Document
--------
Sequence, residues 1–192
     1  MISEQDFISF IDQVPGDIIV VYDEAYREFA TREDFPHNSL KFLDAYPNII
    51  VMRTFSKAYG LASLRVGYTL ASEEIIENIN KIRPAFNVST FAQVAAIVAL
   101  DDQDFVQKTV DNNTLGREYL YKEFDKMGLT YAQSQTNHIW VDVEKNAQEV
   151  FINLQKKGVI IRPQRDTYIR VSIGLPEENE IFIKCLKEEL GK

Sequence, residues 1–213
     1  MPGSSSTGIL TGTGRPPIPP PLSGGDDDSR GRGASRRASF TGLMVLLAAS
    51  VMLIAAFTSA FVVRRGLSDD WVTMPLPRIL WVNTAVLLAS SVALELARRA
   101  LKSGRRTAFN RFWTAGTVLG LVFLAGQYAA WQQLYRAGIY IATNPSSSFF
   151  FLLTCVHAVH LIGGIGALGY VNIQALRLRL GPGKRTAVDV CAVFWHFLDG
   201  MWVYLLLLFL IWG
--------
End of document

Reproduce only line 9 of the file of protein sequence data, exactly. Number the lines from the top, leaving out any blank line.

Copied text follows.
   101  LKSGRRTAFN RFWTAGTVLG LVFLAGQYAA WQQLYRAGIY IATNPSSSFF